June 22, 2014
0 Ratings
Author Notes

This recipe is from Irene Kuo, whose book "The Key to Chinese Cooking", published in 1977 by Knopf, is out of print, but is well worth ordering from Amazon for $1. Of this recipe she says: "The Old-fashioned Egg Fu Yung, as old as the history of Chinese cuisine in the United States, may not be totally authentic, since in China it is never served with a sauce, but it is delicious and extremely easy to make." —JohnL

  • Serves 2-4
  • Brown sauce
  • 1.25 cups chicken or meat stock
  • 1 tablespoon dry sherry
  • 2-3 teaspoons light soy sauce
  • Sprinkling of black pepper
  • 1 tablespoon cornstarch dissolved in 3 TB water and 2 teaspoons sesame oil
  • Egg fu yung mixture
  • 1 cup finely diced cooked chicken, such as leftover rotisserie chicken
  • 1/2 cup finely diced onions
  • 1/2 cup fresh bean sprouts
  • 1/4 cup defrosted frozen peas or fresh, parboiled 3 minutes
  • 1/4 cup sliced fresh or canned mushrooms
  • 1 teaspoon salt
  • 1/8 teaspoon black pepper
  • 4 eggs, well beaten. John's note: I prefer not to beat the eggs; instead I simply stir the eggs with the other ingredients until mixed. Less likelihood of the omelets breaking apart.
  • 3 cups oil or much less if using an electric skillet as described below
In This Recipe
  1. Make the brown sauce: Bring the stock to a simmer in a small saucepan; add the sherry, soy sauce, and pepper. Turn heat low, give the cornstarch mixture a big stir, pour it into the broth, stirring in circular motions until it is thickened and smooth. Turn off the heat, cover, and keep it hot. John's note: I like to have a little extra cornstarch/water slurry at the ready in case it is needed to thicken the sauce properly (Sometimes the amount given in the recipe produces a sauce that needs extra thickening). Add only enough of the cornstarch slurry to do the job. Combine the chicken with all the vegetables and seasonings in a large bowl, adding the eggs last. Mix well.
  2. Heat a wok or deep heavy pot over high heat for 30 seconds; add the oil and heat until a cube of bread foams snappily, about 350 degrees. Ladle in a fourth of the egg mixture; when it forms an omelet, ladle in another one. Deep-fry until the bottoms are light brown, then turn and brown the other side. Sandwich each between 2 spatulas, pressing lightly to extract excess oil, and lift out to a hot serving platter. Do the other 2 omelets. Reheat the sauce until piping hot, stirring, and pour it over the omelets. John's note: a garnish of a little finely slivered scallion scattered over the sauced egg foo young at serving time will perk up the appearance of this dish.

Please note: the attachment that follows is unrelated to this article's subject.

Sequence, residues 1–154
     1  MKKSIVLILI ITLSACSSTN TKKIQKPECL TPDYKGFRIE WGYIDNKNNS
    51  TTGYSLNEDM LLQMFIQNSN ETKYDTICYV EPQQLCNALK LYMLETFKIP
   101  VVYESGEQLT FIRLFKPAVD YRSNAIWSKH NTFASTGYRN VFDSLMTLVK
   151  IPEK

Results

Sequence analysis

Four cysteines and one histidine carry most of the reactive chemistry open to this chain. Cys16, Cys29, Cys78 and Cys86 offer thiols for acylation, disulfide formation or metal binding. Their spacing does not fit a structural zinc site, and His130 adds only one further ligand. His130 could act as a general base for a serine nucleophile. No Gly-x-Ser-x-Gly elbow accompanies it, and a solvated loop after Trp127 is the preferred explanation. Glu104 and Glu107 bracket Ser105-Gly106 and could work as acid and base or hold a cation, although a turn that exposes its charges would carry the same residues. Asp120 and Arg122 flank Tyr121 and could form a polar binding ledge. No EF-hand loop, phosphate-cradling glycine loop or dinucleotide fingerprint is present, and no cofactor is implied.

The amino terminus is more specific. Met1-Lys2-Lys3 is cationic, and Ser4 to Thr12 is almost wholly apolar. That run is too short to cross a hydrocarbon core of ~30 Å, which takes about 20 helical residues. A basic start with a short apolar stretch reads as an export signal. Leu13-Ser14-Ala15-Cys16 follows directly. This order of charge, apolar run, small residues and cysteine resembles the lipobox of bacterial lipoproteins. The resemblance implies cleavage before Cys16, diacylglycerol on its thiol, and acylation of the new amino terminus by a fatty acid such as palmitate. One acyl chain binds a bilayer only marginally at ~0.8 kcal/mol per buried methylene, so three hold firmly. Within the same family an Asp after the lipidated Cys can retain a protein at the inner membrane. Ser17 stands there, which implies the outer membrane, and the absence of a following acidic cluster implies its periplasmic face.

3. Note from John: I like to prepare the omelets in a 10-inch electric skillet; fry in 1/4 inch of oil heated to 350 as follows: either pour the egg mixture in free-form or do as I do and use a 4-inch round metal cookie/dough cutter set in the pan and pour in egg mixture and with a fork drag around the solid ingredients to distribute evenly; when the egg has partially set, remove the ring, and continue in the same way with the remaining mixture. You can do all four omelets in a single batch.
  4. Kuo's sauce is excellent, but I will offer one variation that I have found to be delicious as well (good egg foo young sauces are not easy to find!). This one is from the California Cooking Academy: 3/4 cup chicken stock (broth), 1 TB oyster sauce, 1/4 tsp sugar, pinch of white pepper, 2 tsp cornstarch mixed with 1 TB water, few drops Asian sesame oil. Bring the first four ingredients to a boil over high heat. Lower heat and add cornstarch mixture, stirring continuously until sauce thickens (about 30 seconds). Blend in sesame oil. Makes approximately 1 cup. Believe it or not, sometimes I will make a batch of this sauce and (don't laugh!) sip it out of a mug like soup. Very tasty!
  5. Variations: the filling may be varied with cooked turkey meat, roast pork, crab, lobster, cooked or raw small shrimp, or cubed fish fillet; A combination of 2 or 3 meats is NICE. Shredded celery and bamboo shoots may be added to or substituted for the vegetables, but don't omit the bean sprouts--they give the eggs the right amount of moisture and lend a light crunchiness that is essential.
  6. A final note: this recipe looks long, but it is really nothing more than (1) sauce and (2) the omelet mixture fried up into little cakes. Try this recipe--if you like the "classic" version you've had in restaurants, you will love this recipe.

See what other Food52ers are saying.

  • NotTooSweet
  • Pat Kurtz
    Pat Kurtz
  • emcsull
  • JohnL